Tea type
Black Tea
Black Tea Leaves
Almond, Bread, Butter, Caramel, Cedar, Cinnamon, Cream, Dates, Honey, Mineral, Peanut, Pine, Raisins, Straw, Sweet Potatoes
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Bulk, Loose Leaf
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Edit tea info Last updated by eastkyteaguy
Average preparation
205 °F / 96 °C 6 g 4 oz / 118 ml

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From Beautiful Taiwan Tea Company

High atop Pinglin in Northern Taiwan sits an 5th-generation tea farm committed to sustainability and natural tea-growing practices. We started working with the Xu family just this year and we’re excited to offer their teas to our customers!

This is their black tea they make each Summer. Malty on the nose, smooth in the back of the throat with nice flavor, this is an excellent choice for daily drinking. As with our Ruby Red Black Tea, it’s best to think of this tea as a high quality dark oolong. This isn’t Grandma’s British Black nor is it strictly an oolong. It stands on its own for what it is. I can tell you that the terrior is in this tea and it tastes like Pinglin!

Grown naturally without chemicals!

Two teaspoons of loose leaf into 8oz. hot water. Let it cool down and brew for about 5-6 minutes. Strain off and let it sit for a few more minutes – I’ve noticed that a lot of the Pinglin teas tend to be most flavorful at lower temps;) Enjoy.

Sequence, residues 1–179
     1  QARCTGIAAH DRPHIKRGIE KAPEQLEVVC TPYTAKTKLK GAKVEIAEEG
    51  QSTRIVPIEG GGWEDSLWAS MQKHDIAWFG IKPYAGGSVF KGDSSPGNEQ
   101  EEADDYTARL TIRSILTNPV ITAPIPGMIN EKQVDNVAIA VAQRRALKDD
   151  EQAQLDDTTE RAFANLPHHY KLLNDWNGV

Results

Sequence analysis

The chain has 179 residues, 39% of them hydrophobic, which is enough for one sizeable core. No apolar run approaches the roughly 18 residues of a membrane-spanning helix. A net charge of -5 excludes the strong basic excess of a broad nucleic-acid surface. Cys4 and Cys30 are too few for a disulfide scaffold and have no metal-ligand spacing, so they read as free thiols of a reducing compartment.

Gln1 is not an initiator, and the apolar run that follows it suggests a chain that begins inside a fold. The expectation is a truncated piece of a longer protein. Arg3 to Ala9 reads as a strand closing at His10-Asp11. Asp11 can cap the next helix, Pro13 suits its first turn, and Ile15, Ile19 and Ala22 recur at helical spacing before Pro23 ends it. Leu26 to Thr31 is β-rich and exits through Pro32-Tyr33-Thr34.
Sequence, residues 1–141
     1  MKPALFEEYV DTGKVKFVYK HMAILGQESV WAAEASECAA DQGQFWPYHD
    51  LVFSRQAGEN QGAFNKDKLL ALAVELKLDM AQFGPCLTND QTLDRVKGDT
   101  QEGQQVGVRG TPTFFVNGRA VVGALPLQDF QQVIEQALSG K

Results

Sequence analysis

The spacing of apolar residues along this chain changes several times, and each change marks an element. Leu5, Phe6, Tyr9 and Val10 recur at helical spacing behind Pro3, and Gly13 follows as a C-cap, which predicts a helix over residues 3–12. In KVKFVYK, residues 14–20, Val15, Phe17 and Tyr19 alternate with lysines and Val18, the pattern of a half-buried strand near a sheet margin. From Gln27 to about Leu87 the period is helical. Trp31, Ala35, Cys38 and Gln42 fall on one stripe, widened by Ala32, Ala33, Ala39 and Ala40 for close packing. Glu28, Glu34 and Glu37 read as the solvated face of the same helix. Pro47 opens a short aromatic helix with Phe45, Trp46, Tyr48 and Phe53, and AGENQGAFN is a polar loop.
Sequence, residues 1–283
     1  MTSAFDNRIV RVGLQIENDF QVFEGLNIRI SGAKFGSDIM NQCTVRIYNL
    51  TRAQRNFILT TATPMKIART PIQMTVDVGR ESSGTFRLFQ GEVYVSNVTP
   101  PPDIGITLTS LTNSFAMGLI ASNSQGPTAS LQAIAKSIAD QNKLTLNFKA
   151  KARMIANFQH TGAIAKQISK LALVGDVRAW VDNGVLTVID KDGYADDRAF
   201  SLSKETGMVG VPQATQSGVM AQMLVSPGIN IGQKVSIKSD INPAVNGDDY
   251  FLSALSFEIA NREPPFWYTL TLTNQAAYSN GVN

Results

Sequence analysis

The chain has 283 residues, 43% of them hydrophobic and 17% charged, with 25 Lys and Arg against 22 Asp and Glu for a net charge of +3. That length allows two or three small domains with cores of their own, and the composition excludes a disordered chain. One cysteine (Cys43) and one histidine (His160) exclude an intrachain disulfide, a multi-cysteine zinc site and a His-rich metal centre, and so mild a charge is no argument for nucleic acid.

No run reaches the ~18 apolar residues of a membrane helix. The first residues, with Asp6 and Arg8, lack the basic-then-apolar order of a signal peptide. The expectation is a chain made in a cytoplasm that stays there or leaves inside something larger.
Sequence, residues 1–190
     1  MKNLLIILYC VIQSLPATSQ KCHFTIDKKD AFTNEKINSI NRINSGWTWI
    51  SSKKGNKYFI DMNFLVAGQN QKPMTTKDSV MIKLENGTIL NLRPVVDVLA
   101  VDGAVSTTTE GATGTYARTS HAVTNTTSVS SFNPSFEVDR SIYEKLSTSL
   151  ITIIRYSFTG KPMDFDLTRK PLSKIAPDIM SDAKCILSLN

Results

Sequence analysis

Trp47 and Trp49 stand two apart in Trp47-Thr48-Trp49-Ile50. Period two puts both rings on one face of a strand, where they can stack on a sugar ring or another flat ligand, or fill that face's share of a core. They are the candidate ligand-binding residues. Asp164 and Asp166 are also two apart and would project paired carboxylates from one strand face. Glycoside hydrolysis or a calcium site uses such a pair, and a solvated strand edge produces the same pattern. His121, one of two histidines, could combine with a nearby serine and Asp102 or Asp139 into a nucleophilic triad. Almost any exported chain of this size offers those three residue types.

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1 Tasting Note

1031 tasting notes

This was yet another June sipdown. I only had a 10g sample pouch of this tea, and if memory serves, I drank it sometime around the end of the third week in June. I’ve developed a greater appreciation for Taiwanese black teas over the course of this year, and I was itching to try this one because it was a black tea from the heart of Baozhong country. I found it to be an excellent if often subtle black tea, one that was more or less perfect for afternoon or evening sipping.

I prepared this tea gongfu style. After a brief rinse, I steeped 6 grams of loose tea leaves in 4 ounces of 205 F water for 5 seconds. This infusion was chased by 15 additional infusions. Steep times for these infusions were as follows: 7 seconds, 9 seconds, 12 seconds, 16 seconds, 20 seconds, 25 seconds, 30 seconds, 40 seconds, 50 seconds, 1 minute, 1 minute 15 seconds, 1 minute 30 seconds, 2 minutes, 3 minutes, and 5 minutes.

Prior to the rinse, the dry tea leaves emitted aromas of honey, wood, and straw. After the rinse, I noted new aromas of baked bread and roasted almond. The first infusion then introduced a definite scent of pine as well as roasted peanut. In the mouth, the tea liquor presented notes of honey, straw, pine, roasted peanut, baked bread, and roasted almond. Subsequent infusions offered new aromas of butter, cream, and caramel, though later in the session, I began to note a clean mineral presence on the nose coupled with a petrichor-like quality. Notes of minerals, cedar, and cinnamon appeared in the mouth along with subtle hints of date, raisin, and sweet potato. The later infusions emphasized mineral, pine, cream, and roasted almond impressions that were underscored by lingering honey and raisin hints.

This was a smooth black tea with particularly pleasant woody, nutty, creamy, buttery, and fruity qualities. Due to it being so mellow and lacking noticeable bitterness and astringency, I could see it making a wonderful introduction to Taiwanese black teas for the curious drinker. Though some of Beautiful Taiwan Tea Company’s recent black tea offerings have been hit or miss for me, I was impressed by this one.

Flavors: Almond, Bread, Butter, Caramel, Cedar, Cinnamon, Cream, Dates, Honey, Mineral, Peanut, Pine, Raisins, Straw, Sweet Potatoes

205 °F / 96 °C 6 g 4 OZ / 118 ML

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